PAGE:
Robert Kerr (writer)

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The grave of Robert Kerr, Greyfriars Kirkyard

Dr Robert Kerr FRSE FSA FRCSE (20 October 1757 – 11 October 1813) was a Scottish surgeon, writer on scientific and other subjects and translator.


Kerr was born in 1757[1] in Bughtridge, Roxburghshire, the son of James Kerr, a jeweller, who served as MP for Edinburgh 1747-1754,[2] and his wife Elizabeth. He was sent to the High School in Edinburgh.

He studied medicine at the University of Edinburgh and practised at the Edinburgh Foundling Hospital as a surgeon. He was elected a Fellow of the Royal Society of Edinburgh in 1788. His proposers were Alexander Fraser Tytler, James Russell and Andrew Dalzell.[2] At this time he lived at Foresters Wynd off the Royal Mile in Edinburgh.[3]

He translated several scientific works into English, such as Antoine Lavoisier's work of 1789, Traité Élémentaire de Chimie, published under the title Elements of Chemistry in a New Systematic Order containing All the Modern Discoveries, in 1790.[4] In 1792, he published The Animal Kingdom, the first two volumes of a four-tome translation of Linnaeus' Systema Naturae, which is often cited as the taxonomic authority for a great many species. (He never did the remaining two volumes.)

In 1794 he left his post as a surgeon to manage a paper mill at Ayton in Berwickshire which he had purchased. He lost much of his fortune with this enterprise. Out of economical necessity he began writing again in 1809, publishing a variety of minor works, for instance a General View of the Agriculture of Berwickshire. His last work was a translation of Cuvier's Recherches sur les ossements fossiles de quadrupedes, which was published after Kerr's death under the title "Essays on the Theory of the Earth".

His other works included a massive historical study entitled A General History and Collection of Voyages and Travels in eighteen volumes. Kerr began the series in 1811, dedicating it to Sir Alexander Cochrane, K.B., Vice-Admiral of the White. Publication did not cease following Kerr's death in 1813; the latter volumes were published into the 1820s.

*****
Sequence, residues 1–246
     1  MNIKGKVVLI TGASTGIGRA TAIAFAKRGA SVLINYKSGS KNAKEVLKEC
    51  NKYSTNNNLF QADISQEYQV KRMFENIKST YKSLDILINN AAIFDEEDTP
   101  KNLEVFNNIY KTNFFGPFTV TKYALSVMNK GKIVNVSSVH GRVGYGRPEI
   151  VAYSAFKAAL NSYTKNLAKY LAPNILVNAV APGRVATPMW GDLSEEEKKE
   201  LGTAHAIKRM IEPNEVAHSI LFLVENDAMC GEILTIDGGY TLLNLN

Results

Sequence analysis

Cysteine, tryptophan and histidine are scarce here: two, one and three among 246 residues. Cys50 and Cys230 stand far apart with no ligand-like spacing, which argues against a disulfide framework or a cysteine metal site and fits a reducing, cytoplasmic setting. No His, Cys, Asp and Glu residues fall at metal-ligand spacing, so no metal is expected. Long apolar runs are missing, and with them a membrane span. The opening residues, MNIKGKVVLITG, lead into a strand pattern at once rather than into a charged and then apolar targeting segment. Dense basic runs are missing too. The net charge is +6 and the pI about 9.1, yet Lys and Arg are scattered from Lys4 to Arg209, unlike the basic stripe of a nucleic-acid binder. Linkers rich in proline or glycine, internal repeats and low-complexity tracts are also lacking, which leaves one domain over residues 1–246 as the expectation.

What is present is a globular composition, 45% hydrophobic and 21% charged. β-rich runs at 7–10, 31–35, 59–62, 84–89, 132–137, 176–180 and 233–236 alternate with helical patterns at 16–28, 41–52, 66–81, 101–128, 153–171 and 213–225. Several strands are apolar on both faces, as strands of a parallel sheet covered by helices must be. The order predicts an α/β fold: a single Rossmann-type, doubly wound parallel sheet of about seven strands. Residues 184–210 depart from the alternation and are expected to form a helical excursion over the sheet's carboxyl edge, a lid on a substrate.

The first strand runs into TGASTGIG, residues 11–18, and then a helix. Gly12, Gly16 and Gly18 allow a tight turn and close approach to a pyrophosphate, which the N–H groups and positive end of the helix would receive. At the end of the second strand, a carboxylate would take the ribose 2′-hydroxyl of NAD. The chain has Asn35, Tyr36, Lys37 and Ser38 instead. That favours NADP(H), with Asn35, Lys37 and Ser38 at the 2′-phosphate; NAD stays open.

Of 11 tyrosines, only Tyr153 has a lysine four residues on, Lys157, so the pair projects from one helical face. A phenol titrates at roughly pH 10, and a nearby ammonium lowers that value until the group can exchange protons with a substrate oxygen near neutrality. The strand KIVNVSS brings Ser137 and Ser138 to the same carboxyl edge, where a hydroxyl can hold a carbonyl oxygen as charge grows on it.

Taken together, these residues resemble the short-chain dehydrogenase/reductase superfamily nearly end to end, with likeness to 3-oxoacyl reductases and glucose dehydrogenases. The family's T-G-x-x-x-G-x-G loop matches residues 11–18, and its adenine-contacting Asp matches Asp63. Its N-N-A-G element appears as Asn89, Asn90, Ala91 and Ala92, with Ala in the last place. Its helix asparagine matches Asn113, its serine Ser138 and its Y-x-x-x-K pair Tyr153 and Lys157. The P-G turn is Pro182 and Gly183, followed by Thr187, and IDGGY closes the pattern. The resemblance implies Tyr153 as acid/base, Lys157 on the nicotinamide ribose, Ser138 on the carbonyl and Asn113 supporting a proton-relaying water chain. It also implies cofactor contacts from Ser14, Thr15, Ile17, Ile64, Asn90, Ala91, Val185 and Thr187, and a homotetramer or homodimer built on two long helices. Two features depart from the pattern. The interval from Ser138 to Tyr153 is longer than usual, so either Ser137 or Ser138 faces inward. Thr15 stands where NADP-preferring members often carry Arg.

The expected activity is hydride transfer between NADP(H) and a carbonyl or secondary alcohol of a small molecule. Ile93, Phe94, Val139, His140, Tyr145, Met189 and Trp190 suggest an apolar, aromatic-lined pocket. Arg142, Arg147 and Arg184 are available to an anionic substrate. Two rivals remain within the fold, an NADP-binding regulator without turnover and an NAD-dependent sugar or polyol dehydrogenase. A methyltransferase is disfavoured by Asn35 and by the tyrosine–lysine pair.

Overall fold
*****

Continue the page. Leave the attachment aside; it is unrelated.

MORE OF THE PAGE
He died at home in Edinburgh, where he had lived since 1810, and is buried in Greyfriars Kirkyard in central Edinburgh against the eastern wall. His stone is added to a much earlier (1610) ornate stone monument. His son, David Wardrobe Kerr (1796-1815) lies with him.

Selected writings[edit]


  1. ^ Seccombe, Thomas (2004). McConnell, Anita, ed. "Kerr, Robert (1757–1813)". Oxford Dictionary of National Biography (Online ed.). Oxford University Press. doi:10.1093/ref:odnb/15466. Retrieved 2016-02-18.  (subscription or UK public library membership required)
  2. ^ a b BIOGRAPHICAL INDEX OF FORMER FELLOWS OF THE ROYAL SOCIETY OF EDINBURGH 1783 – 2002 (PDF). The Royal Society of Edinburgh. July 2006. ISBN 0 902 198 84 X. 
  3. ^ Edinburgh and Leith Post Office Directory 1784-90
  4. ^ Lavoisier, Antoine (1790). Elements of Chemistry. 

Further reading[edit]

  • Lavoisier, Antoine (1965). Elements of Chemistry. New York: Dover. - The introduction by Douglas McKie has information on Robert Kerr, the book's translator.

External links[edit]